Khmer Pomelo Salad

When I lived in Cambodia, I had a good housekeeper. I sort of ‘inherited’ her from a friend who returned to Manila and I was glad to have her because she was a better cook than my former housekeeper. It was also easy for me to teach her how to cook Filipino food,  although after learning from me, she would another ingredient on her own, which made the dish a bit different. Case in point: she would add a leaf or two of sweet basil to ‘Pork Sinigang‘, which imparted a sweetish taste to the broth. Strange, yes, but not entirely bad.

One of the best things that she used to make was pomelo salad. I’ve tasted the Thai version of this salad as well and they are a bit similar. Today I decided to make it, from the way I remember it.


  • Pomelo (I used two packs of prepared pomelo, roughly equivalent to the flesh of one pomelo), pulled apart into about 1 inch chunks
  • 200 grams of chicken breast fillet*, cooked in water and pulled apart when cool)
  • 1/2 cup carrot, chopped into fine matchsticks
  • 12 basil leaves, sliced thinly
  • 1/2 cup peanuts, roasted and crushed coarsely (store bought peanut is okay; just shake off the excess salt)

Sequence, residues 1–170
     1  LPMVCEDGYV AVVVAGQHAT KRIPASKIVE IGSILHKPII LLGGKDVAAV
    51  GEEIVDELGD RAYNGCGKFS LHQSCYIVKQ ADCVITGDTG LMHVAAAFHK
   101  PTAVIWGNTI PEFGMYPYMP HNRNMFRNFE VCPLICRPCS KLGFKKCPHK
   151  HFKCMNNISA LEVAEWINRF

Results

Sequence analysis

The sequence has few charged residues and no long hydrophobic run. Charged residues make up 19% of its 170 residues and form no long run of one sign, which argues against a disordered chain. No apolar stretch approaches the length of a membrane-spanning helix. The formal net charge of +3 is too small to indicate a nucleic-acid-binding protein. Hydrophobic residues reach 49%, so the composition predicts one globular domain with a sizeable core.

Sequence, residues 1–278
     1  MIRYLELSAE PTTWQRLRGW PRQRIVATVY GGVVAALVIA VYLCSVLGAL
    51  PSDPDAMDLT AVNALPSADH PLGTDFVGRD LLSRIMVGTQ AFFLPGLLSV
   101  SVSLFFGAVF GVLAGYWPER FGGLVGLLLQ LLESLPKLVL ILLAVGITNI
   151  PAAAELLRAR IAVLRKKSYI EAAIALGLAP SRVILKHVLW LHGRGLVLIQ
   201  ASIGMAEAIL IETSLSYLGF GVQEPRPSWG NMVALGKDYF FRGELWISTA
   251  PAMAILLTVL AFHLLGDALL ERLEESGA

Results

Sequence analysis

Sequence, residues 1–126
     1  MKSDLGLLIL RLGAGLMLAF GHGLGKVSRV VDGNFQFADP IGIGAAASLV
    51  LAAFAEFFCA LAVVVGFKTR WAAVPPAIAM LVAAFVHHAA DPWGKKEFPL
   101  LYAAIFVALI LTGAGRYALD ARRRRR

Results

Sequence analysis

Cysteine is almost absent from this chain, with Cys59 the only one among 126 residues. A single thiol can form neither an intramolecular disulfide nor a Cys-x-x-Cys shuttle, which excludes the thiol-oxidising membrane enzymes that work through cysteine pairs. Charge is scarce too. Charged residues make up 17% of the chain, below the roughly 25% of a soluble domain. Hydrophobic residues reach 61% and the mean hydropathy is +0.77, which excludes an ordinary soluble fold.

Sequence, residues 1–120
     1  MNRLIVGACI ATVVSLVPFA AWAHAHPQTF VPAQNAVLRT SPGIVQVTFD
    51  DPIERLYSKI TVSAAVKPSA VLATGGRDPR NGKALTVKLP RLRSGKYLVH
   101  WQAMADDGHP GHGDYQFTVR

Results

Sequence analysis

• 1/4 cup hot water
  • 1/4 cup sugar
  • 1/3 cup lime juice (roughly juice of 2 pieces of dayap**)
  • 1/4 cup fish sauce
  • 3 tbsp carrot, grated
  • chopped siling labuyo, to taste (optional)


  • * In place of chicken, you can use pork belly (boiled & sliced thinly), prawns (shelled & poached), or tofu (cubed & fried crisp)
  • ** In place of dayap, you can use the juice of about 10 pieces of calamansi, NOT lemon please
the ingredients

the ingredients


  1. To prepare the dressing, dissolve sugar in hot water before adding the lime juice and fish sauce. Stir in the carrot and chili (if using). Right before serving, you can add 1-2 tablespoons of the crushed peanuts.
  2. In a big mixing bowl,  put the pomelo, chicken, carrot, and basil leaves. Add 3 tbsp of the dressing, just to get them wet. Toss lightly. Add another couple tablespoons of the dressing then toss lightly again. Taste the flavor and check the bottom of the bowl if there is a small pool of dressing there. If the pool is big then you’ve added too much dressing.
  3. Spoon to a plate, draining the excess liquid. Put the remaining dressing in a small bowl. Put the peanuts in another small bowl. As each individual is served, they can add more dressing as they wish and top the salad with the peanuts.
  4. The dressing can also be used as a dipping sauce for the salad’s accompanying dish, which is usually grilled/ fried fish or meats.
mixing away

mixing away

My former housekeeper usually accompanied this salad with grilled lemongrass pork ribs (recipe to follow) but this salad was also perfect with fried galunggong.

Khmer Pomelo Salad a La Moi

Khmer Pomelo Salad a La Moi


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